We all know about Napster. The principle is simple for the few of you that don’t. I have MP3 files on my computer. Napster keeps a record of what I have. While I am online, other people online can search for MP3s, and download them directly from my computer if they want.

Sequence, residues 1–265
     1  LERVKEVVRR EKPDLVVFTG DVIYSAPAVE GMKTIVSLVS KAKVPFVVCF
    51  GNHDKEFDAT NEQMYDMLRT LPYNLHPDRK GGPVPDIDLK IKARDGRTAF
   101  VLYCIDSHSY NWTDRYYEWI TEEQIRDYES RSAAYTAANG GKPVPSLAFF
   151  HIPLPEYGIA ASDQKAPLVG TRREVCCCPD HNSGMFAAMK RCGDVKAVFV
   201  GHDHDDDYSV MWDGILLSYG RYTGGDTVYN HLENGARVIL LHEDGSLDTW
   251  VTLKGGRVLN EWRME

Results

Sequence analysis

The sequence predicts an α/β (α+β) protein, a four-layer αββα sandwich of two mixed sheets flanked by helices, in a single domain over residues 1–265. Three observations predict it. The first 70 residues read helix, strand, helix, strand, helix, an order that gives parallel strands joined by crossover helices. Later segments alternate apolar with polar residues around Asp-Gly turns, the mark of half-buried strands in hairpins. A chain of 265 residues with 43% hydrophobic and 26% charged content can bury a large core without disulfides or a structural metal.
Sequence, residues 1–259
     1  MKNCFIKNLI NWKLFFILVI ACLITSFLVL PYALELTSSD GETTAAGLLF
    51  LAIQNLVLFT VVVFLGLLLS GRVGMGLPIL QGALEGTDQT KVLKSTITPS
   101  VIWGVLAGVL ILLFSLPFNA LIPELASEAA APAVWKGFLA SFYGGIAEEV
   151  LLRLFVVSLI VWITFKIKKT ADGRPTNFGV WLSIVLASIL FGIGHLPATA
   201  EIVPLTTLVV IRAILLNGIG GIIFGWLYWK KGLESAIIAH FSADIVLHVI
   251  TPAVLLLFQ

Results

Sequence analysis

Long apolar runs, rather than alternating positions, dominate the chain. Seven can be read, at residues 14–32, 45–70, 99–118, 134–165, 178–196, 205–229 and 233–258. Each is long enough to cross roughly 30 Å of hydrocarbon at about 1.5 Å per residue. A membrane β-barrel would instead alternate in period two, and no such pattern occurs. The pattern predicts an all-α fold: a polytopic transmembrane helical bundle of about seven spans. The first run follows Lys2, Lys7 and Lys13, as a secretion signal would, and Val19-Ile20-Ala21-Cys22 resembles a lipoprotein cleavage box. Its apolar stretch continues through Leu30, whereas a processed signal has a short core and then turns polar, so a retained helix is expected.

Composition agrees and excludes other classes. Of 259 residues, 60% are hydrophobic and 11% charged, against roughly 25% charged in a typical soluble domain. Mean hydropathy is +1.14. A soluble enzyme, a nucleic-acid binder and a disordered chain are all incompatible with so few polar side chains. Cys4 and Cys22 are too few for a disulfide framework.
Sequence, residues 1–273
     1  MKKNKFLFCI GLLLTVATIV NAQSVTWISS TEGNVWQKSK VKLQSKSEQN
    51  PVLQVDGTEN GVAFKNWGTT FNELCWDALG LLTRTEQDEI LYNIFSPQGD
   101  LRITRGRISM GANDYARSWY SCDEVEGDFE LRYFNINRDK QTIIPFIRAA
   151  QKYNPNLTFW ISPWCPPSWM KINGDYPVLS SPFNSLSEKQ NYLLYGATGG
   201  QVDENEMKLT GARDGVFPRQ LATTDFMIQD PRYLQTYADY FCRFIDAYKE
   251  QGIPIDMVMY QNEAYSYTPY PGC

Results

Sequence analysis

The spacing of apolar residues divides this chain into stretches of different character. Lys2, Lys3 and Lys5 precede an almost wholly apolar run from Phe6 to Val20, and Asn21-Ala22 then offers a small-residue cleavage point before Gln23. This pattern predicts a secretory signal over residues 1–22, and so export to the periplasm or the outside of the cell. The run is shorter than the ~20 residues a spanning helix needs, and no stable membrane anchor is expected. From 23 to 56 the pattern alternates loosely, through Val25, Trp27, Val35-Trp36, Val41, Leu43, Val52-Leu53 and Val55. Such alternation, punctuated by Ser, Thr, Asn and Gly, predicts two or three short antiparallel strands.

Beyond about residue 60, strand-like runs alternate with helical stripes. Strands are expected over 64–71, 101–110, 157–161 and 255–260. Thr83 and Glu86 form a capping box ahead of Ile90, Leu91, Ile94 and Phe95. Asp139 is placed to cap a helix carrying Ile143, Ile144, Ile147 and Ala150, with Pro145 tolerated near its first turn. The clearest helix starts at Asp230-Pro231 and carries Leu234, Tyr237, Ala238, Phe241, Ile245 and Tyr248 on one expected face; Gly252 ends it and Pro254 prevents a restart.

Now imagine that every citizen in a country has a program on their computer like Napster. Instead of MP3 files, they present themselves and the skills that they have, or merchandise and products that they produce or work with. That’s stage one – people can do a search for a good or service that they want, and find the individual or company that produced it directly. There is a separate box, optional, for the area in which the service is to operate. The next stage (which is one that is already semi-implemented by Napster) is the integration of instant messaging. All the people that you know on a daily basis and wish to communicate with are on your friends list. Now you integrate epinions‘ ‘Web of Trust’. You can rate your friends (or anyone else on the network) as to their provision of any service that they offer (from cabbages to web design). You can also rate them as a friend, whether they are someone that you intrinically like and / or trust. Now when someone does a search for ‘web design’ they first and foremost get a search that runs down their web of trust. People that they trust, who know people that they trust, might know of someone who they think is a great web designer. Each step removed from the originator lowers the potential trust rating of the person, while a separate geographically random – in order to limit the possibility of cultish behaviour – sampling of five hundred other people’s opinons presents an average of the general faith in the company or institution. Finally, combine this whole thing with an avondi style currency of barter exchange, and you’ve just heavily democritised the entire free-market economy along peer-to-peer lines.